On our test subject, a 2001 Camaro SS, these upgrades were realized during an engine build that was completed in 2007. At the time, the budget allowed for a set of PRC Stage 2.5 5.3L heads, while a TRex cam (242/248 duration, .608/.612-inch lift, 110 LSA) punished the valvetrain in daily driver duty. The PRC dual springs were more than up for the task but the factory rockers weren't. As time went on and the engine continued to see high rpm, the monster cam damaged the valveguides and reduced power. A smaller custom cam from Pete Incaudo at V Max Motorsports was installed (232/244 duration, .595/.602-inch lift, 114+4 LSA) to help combat the issue, but the damage was already done. The new cam brought the power down to a more conservative engine speed than the TRex, and picked up a lot of low-end power to make it more streetable.
According to Trick Flow, the factory rocker arms from GM were never designed to be used with a higher-lift camshaft. GM rates the OE rockers for .550-inch lift but this hasn't prevented the majority of LS-engine owners from reusing their factory rockers. The reason why it gets ignored is because it's easier and cheaper to just keep using them and appears to work at first. The potential long-term effects are worn valveguides like we have experienced, or even valvespring and stem failures.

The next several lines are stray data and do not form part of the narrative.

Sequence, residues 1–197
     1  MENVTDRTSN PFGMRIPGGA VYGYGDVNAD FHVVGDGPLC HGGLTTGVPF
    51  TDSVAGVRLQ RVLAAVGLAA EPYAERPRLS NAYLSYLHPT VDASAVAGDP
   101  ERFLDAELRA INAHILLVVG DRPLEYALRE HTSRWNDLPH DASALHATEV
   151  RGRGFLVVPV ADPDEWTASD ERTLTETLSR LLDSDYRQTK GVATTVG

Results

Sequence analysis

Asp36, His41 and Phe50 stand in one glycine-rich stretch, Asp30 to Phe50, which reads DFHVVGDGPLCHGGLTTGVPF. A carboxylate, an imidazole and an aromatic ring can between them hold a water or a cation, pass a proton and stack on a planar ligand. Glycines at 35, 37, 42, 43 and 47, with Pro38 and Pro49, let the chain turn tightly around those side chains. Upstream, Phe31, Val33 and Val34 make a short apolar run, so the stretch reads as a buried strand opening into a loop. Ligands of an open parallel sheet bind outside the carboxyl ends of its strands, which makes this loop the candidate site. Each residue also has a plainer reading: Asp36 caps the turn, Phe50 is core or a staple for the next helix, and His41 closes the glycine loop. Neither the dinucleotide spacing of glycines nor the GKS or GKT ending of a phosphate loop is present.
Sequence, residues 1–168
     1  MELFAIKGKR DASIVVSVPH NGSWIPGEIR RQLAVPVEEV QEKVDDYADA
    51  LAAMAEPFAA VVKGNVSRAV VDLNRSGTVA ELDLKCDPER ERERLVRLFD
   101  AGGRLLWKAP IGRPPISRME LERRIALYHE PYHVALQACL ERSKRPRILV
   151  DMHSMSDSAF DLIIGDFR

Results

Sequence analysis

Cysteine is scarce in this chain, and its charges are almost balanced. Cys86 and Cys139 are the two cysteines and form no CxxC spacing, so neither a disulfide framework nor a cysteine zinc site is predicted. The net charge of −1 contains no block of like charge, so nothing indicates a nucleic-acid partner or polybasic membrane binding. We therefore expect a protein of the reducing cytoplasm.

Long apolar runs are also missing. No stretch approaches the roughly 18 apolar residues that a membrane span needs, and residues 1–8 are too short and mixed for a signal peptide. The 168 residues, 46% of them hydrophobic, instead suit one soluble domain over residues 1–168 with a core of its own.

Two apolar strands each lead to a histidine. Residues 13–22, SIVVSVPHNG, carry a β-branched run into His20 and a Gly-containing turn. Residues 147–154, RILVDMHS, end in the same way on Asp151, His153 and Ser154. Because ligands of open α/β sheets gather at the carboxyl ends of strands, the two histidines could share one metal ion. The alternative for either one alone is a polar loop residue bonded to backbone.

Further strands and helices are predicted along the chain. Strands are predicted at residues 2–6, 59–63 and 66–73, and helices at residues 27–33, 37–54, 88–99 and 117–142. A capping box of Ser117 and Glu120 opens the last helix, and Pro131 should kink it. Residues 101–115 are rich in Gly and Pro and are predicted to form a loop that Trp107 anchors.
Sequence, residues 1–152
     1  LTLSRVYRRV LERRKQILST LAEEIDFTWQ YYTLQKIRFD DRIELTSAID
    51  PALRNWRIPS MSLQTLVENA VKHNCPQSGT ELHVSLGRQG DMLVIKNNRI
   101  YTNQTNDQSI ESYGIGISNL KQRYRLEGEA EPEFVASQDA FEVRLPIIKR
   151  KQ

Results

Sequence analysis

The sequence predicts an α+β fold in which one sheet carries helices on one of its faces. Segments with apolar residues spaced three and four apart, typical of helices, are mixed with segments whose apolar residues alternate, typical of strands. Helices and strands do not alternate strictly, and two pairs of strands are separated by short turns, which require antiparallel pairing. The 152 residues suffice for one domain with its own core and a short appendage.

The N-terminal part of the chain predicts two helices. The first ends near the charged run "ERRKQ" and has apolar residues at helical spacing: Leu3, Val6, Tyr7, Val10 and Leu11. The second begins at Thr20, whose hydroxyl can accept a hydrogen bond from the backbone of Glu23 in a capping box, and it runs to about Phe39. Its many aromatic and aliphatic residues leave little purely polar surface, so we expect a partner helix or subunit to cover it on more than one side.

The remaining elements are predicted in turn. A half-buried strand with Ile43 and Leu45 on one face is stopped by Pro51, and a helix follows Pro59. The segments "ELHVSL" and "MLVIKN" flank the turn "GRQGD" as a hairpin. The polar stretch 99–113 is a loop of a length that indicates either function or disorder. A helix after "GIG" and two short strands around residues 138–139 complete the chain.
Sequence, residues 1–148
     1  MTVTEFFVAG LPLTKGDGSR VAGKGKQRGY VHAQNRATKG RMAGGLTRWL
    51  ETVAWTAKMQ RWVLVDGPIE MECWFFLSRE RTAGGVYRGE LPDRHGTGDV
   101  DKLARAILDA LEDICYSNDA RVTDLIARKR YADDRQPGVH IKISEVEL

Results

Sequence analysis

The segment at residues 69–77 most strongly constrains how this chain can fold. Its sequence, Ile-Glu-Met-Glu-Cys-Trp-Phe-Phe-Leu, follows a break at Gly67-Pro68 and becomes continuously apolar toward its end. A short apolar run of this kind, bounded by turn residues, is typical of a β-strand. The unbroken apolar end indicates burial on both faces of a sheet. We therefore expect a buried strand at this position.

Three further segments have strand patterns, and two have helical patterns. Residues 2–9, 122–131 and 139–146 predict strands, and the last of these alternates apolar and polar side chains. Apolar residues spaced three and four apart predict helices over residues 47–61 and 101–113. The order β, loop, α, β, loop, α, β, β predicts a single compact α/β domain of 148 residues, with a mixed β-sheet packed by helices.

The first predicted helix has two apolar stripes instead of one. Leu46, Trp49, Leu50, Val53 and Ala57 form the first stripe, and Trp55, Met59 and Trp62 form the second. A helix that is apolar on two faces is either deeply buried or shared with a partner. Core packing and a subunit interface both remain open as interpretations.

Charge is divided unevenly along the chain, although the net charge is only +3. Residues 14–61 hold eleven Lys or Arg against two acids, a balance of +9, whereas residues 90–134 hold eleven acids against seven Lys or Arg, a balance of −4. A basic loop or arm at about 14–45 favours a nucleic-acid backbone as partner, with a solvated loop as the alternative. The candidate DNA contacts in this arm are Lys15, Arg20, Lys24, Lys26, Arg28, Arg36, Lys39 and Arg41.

Learning from our mistake, we decided to step up in the cylinder head department instead of simply replacing the worn valveguides. Trick Flow Specialties GenX 215cc CNC heads were chosen for their insurmountable reputation, and compatibility with our setup. The 215cc intake runner was more conventional for our forged 347-cubic-inch LS-mill, so we were confident there would be a healthy power additive. Most importantly, to prevent this from happening again in the future, we wanted to install a set of roller rockers. Crane Cams supplied us with their new Gold Race extruded aluminum roller rocker arms. They came as a kit with Crane 7.250-inch hardened pushrods and were ready to bolt in. The roller tip doesn't cause valve deflection, which is when the rocker will actually push the valve stem to one side and cause it to wear faster. This should help our valvetrain to stay alive longer in addition to being quieter than the factory rockers.